HTML rendering flaws discovered in Apple Mail for iOS and macOS were detailed this morning, allowing unscrupulous attackers to derive decrypted plain text from your encrypted emails.

Computer security professor Sebastian Schinzel yesterday published a research paper on this vulnerability dubbed EFAIL.

What is this vulnerability all about?

In a nutshell, this vulnerability permits an attacker to reveal the plaintext of someone’s encrypted emails without needing the sender’s private encryption keys, including encrypted emails sent in the past. In order for the attack to work, a nefarious party must be in possession of your encrypted S/MIME or PGP emails.

It involves using a specially crafted image tag along with a string of encrypted text. The combination causes Apple Mail for iOS and macOS to decrypt contents of encrypted messages. Opening an encrypted email prompts the client to load the specified image from a domain controlled by an attacker, which lets them obtain copies of decrypted messages.

This issue also affects users of Mozilla’s Thunderbird email client.

How serious is it?

Benjamin Mayo discusses potential ramifications of this flaw:

The attack relies on contacting the same person that sent the encrypted email in the first place. It’s not possible to email someone out of the blue and have a server receive a stream of decrypted content. The potential for compromised communications increases if the email is part of a group conversation as the attacker only needs to target one person in the chain to pull off the decryption.

In addition to the HTML rendering issue, the researchers also posted a more technical exploit of the S/MIME standard specification itself which affects twenty-something clients in addition to Apple’s. Long term, comprehensively patching this particular vulnerability will require an update to the underlying email encryption standards.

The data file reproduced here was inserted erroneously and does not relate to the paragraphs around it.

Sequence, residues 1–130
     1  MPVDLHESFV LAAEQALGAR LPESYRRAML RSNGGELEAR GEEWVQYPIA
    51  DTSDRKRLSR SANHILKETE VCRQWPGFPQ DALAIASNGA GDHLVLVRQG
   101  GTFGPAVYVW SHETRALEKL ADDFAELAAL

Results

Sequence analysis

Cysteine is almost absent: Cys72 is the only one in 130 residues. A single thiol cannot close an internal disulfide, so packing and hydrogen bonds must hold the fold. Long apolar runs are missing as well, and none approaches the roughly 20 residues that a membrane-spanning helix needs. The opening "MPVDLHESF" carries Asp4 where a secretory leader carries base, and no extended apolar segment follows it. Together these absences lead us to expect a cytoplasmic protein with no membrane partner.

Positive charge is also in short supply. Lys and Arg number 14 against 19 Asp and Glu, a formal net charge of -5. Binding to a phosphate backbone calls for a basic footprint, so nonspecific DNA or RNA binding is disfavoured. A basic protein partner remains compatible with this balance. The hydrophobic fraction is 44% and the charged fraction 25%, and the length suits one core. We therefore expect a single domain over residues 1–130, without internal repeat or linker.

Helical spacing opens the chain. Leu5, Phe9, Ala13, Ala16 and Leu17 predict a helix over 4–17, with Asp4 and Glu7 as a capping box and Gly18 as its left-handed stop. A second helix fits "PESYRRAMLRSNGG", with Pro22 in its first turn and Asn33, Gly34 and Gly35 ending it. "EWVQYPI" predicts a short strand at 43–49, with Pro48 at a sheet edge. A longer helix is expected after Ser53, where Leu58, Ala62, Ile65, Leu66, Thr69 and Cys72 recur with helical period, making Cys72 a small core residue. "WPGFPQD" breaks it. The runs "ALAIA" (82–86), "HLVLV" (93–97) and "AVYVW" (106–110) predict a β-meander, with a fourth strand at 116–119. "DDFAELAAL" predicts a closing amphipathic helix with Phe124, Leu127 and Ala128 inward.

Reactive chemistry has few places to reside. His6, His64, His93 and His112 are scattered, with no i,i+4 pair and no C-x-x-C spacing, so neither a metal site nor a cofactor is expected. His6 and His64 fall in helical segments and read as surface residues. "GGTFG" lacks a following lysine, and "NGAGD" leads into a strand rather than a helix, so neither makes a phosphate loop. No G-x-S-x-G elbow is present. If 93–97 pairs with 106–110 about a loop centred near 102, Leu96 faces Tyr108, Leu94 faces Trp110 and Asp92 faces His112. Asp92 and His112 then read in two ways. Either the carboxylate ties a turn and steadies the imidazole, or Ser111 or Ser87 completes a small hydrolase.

The Electronic Frontier Foundation weighed in, saying:

EFF has been in communication with the research team, and can confirm that these vulnerabilities pose an immediate risk to those using these tools for email communication, including the potential exposure of the contents of past messages.

This bug only affects people who use PGP/GPG and S/MIME email encryption software that makes messages unreadable without an encryption key. Business users often rely on encryption to prevent eavesdropping on their email communications.

Most email is sent unencrypted, however.

How you can protect yourself

A temporary fix: remove the GPGTools/GPGMail encryption plugin from Apple’s Mail on macOS (trash the GPGMail.mailbundle from /Library/Mail/Bundles or ~/Library/Mail/Bundles).

As a more extreme measure, disable  emote content fetching: toggle “Load remote content in messages” in Mail for macOS preferences and Load Remote Images in Mail for iOS.

Apple is likely to issue an emergency fix for this serious flaw so stay tuned and watch this space as we promise to keep you in the loop.

In the meantime, let us know what you think about this newly discovered vulnerability in Apple Mail and other email clients by leaving a comment below.